[By no means am I advertising this solution as the right one for everyone, but I think there is something worthwhile in a deep examination of the way we behave, and acknowledging that we can be better.]

7 comments:

  1. These are some interesting points to think about. I do feel good about doing most of my shopping secondhand but thrift shopping also takes a lot of patience. I feel a huge relief when I step into an actual store where my choices are more spread out and come in multiple sizes. I'm hesitant to order much online because I can't try anything on and don't want to waste money on something I can't or won't even wear. I've seen lots of bloggers, like Laura for example, have so much luck with ThredUp. Avoiding fast fashion is great. Having something that doesn't last long or that you didn't like enough to spend more on it just makes you feel terrible when you throw it away! I wish you the best of luck for your plans here. I'll have to check out that documentary.

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  2. I have never been a thrifter because it just overwhelms me way too much and I feel the same with larger department stores to. I think ThreadUP, Postmark and eBay are good alternatives to thrifting even if it's higher priced. I think they work as long as you have a specific item that you are looking for.

    Alice
    www.happpinessatmidlife.com

    Would love to see you Thursday for TBT Fashion link up.

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  3. Good for you! I think that what you are doing is fabulous! There are so many reasons beyond the points you have outlined here for recycling and reusing!

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  4. Good for you. Enjoy your blog break.

    http://www.amysfashionblog.com/blog-home

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  5. This seems like a good plan, and not too intimidating. I've never had much luck with thrifting either. I'll get excited about it, because I see other bloggers who find awesome stuff, and then I go and am disappointed. I actually thought I just lived in a Goodwill-vortex or something, and then found out Ginny (now from Clothed with Grace) lives super close to me, and found all her awesome stuff at the goodwill I normally shopped at. So we went together, and she found a ton of stuff, and I found nothing. And I haven't had any luck on Thredup either. But anyway... Now that I'm past the point of wanting LOTS OF STUFF, I think your Step 1 is my best bet. I'm already shopping less, just because mr baby takes up all my time. It would be great to know which stores have better practices, so I'm supporting the places where workers are treated well.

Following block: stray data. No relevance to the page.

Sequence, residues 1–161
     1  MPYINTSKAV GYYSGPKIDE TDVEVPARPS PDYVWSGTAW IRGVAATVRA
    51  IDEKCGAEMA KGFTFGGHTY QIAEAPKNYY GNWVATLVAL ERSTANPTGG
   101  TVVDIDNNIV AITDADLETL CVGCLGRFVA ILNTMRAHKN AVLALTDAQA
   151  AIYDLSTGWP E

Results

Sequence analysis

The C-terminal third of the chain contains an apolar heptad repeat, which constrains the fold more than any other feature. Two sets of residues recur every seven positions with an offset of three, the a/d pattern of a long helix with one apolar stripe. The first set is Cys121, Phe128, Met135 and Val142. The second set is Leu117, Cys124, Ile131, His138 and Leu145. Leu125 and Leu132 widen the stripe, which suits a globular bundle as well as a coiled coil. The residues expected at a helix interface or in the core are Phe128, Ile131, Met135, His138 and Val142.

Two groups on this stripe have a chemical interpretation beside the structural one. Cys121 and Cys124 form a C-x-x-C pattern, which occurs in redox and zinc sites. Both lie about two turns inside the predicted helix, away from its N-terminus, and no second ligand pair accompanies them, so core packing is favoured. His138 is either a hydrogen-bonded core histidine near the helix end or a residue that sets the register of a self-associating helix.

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  6. this is a great post, kate. i haven't heard of that documentary and haven't had a chance to watch it from your previous post, but i appreciate you sharing about it here as it sounds like something i'd be really interested in watching and then developing some new habits related to my own consumption. i think thredup, ebay, twice, etc are great places to start online to buy secondhand! and you've definitely encouraged me to start thrifting more often again... i used to go to the goodwill weekly and i'm glad i stopped because i think thrifting can get out of hand, too, but now i'm encouraged to bring back that old practice.

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  7. Yes, yes, yes! This is all exactly what I'm trying to do in my life as well. Kevin and I have been doing so much research about clothing companies and how to be ethical consumers, and we've come to all of the same conclusions you've addressed here. I am really considering using thredUP more as well, especially if I'm looking for something very specific.

    I think this topic is so heavily ignored in the blogging world, and it makes me sad. I've slowly been working on a blog post of my own to outline some of the changes I've made with regards to being an ethical consumer, and I'm eager to share it when it's all fleshed out! Thank you, thank you, thank you for addressing this on your blog!!